Summary: Barnabas - is an encourager and we should learn from him

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ACTS 11.19-26

The Duke of Wellington, a famous military leader who defeated Napoleon was asked at the end of his life if he had any regrets. He said that if he had a regret it was that he did not give more praise. Someone once said “flatter me and I may not believe you, criticise me and I may not like you, ignore me and I may not forgive you, praise me and I will not forget you.” There is something about praise and encouragement that, although we may find hard to believe or accept, never leaves our hearts or minds. This morning I want to encourage you to become an encourager. To be one of those people who encourage others on to greater things in the kingdom of God. To help us understand this I am going to look at Barnabas in the book of Acts.

Turn with me firstly to Acts 4.36-37 – this is where we first encounter Barnabas in the book of Acts. He is mentioned 34 times in the NT and all but 5 of those are in the book of Acts. I want you to note first of all that his name was ‘Joseph.’ His parents had called him Joseph but he was given the nickname ‘Barnabas’ –which meant ‘son of encouragement.’ Bar = ‘son of.’ ‘Nabas’ was Hebrew referring to a prophetic exhortation which encouraged or built people up. We know also from this text that he was a Levite. That is, he was from the priestly tribe of Israel. We learn that he was from Cyprus and this enabled him to be an important bridge between the Hebrew and Hellenistic worlds in the church, which would become significant later.

Turn now with me to Acts 9 verses 26-27. Saul (Paul) has been converted to Christ on the road to Damascus and has come to Jerusalem to meet the Apostles. They are justifiably afraid of him and it is Barnabas who takes Paul to the Apostles. In fact we read in verse 27 that it is Barnabas who retells the story of Paul’s conversion to them and not Paul himself.

Turn to Acts 15.36ff. Paul and Barnabas have a disagreement over John Mark. John Mark had let Paul down on a previous journey but Barnabas wants to give John Mark another opportunity to serve. Paul and Barnabas disagree and separate at this point. Later Paul calls for John Mark and he describes him as one of his closest companions and servants in the gospel. Barnabas takes this opportunity of encouraging a young man who has failed in the past by offering him another chance to serve. He saw in John Mark the grace of God even if at this point Paul does not.

Now turn to the passage we read this morning from Acts 11.19-26.

Verses 19-21. Stephen has been martyred and once again the Christians have been scattered by the persecution. Luke tells us that they continued to preach the gospel and that many people had come to faith in Christ. Luke records for us that there was a significant number of people who came to faith and that this was because the hand of the Lord was upon the believers. We have here the geographical and cultural expansion of the gospel. Geographically it has spread from Jerusalem to Judea and then on into Samaria and now out to the Gentile nations. Culturally it has moved out from the Jews in Jerusalem to the Jews in the Diaspora and now on to the Gentiles.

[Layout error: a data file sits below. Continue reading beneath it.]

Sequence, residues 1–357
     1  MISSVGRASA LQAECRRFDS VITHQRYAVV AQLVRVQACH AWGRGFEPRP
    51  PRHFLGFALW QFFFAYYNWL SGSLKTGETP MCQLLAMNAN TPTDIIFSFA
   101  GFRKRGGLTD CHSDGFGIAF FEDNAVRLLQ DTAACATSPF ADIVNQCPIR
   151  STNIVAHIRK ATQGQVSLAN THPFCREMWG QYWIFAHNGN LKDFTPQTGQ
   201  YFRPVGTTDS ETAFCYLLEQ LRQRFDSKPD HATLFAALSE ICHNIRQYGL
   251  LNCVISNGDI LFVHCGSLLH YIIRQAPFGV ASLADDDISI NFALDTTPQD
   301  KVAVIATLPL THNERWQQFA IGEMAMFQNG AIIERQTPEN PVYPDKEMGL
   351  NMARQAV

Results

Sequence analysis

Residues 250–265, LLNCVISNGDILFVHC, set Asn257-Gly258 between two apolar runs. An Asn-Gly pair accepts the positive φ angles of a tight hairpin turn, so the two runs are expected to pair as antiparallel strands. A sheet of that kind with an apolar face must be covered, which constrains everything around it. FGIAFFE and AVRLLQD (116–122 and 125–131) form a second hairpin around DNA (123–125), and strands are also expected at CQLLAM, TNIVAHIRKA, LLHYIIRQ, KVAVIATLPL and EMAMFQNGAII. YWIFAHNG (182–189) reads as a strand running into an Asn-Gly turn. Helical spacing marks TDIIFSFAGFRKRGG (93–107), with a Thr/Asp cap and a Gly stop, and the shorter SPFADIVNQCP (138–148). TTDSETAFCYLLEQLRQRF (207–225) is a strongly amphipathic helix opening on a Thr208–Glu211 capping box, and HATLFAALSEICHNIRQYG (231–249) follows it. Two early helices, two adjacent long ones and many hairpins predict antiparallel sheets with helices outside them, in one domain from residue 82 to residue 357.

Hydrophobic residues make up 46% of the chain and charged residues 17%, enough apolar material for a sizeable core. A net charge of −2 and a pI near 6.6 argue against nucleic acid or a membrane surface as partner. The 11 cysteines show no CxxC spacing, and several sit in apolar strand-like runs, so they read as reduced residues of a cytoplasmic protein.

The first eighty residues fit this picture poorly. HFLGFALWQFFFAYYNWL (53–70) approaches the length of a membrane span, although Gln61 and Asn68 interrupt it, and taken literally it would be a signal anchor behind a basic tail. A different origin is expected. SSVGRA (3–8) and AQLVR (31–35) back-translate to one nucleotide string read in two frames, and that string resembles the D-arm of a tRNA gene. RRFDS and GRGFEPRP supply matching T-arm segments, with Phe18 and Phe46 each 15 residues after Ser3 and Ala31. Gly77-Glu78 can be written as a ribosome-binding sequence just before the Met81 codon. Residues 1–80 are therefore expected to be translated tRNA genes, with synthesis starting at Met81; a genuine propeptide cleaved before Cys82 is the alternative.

Verse 22 – is a significant verse in this account. News of the gospel reaching Antioch has filtered back to Jerusalem and the apostles send Barnabas to Antioch to investigate. I find it significant that it was not an Apostle who was sent but Barnabas. No doubt part of the reason for sending him is that he is from Cyprus and therefore understands the culture etc.

Verses 23-24 read. Barnabas arrives and witnesses what? Luke tells us that he witnesses the ‘grace of God’ at work amongst the people of Antioch. He is gladdened by what he sees in Antioch. His generous spirit is moved to joy at the sight of people coming to faith in Christ Jesus. Luke tells us that having witnessed the work of God’s grace in their lives Barnabas encourages them to persevere in the faith in ‘remaining true to the Lord Jesus with all their hearts.’ There is a deliberate play on his name – he (Barnabas – son of encouragement) encouraged them. Please note this is no general encouragement but a specific encouragement to wholehearted devotion and commitment to the Lord Jesus. Barnabas did not come and utter nice platitudes but encouraged them to persevere in the gospel. This was a critical moment in the life of this young church and of these new born babes in Christ. So often people come into such situations and all they do is find fault and raise their own self-esteem by criticising others. Not Barnabas. he arrives and he firstly seeks to see the grace of God at work. How did he know it was the grace of God at work? People turning from sin in repentance and faith to Christ Jesus. People confessing Jesus as Lord and Saviour. Barnabas did not burden them with rules and regulations – instead he encouraged them to persevere in their wholehearted commitment to Christ. Did you note the word ‘wholehearted?’ Not apathy. Not here this week and not next week. Not read my bible today but not tomorrow but wholehearted commitment. He encouraged them to be ‘true to the Lord.’ We would say ‘faithful to the Lord.’ Loving the Lord above all else. Having the Lord as the one whose word you obeyed, heeded, listened to and sought counsel from. He encouraged them to be true to the Truth – Christ Jesus. Barnabas knows that their hearts will determine the direction of their lives. If the gospel is to take root and firmly establish their lives then their hearts must be devoted first and foremost to Christ. You see the gospel can only put down deep and firm roots by faith when it is grounded in the heart of a believer. Otherwise when the sun rises and the heat of the day comes the plant withers and dies – according to the parable of the Sower.

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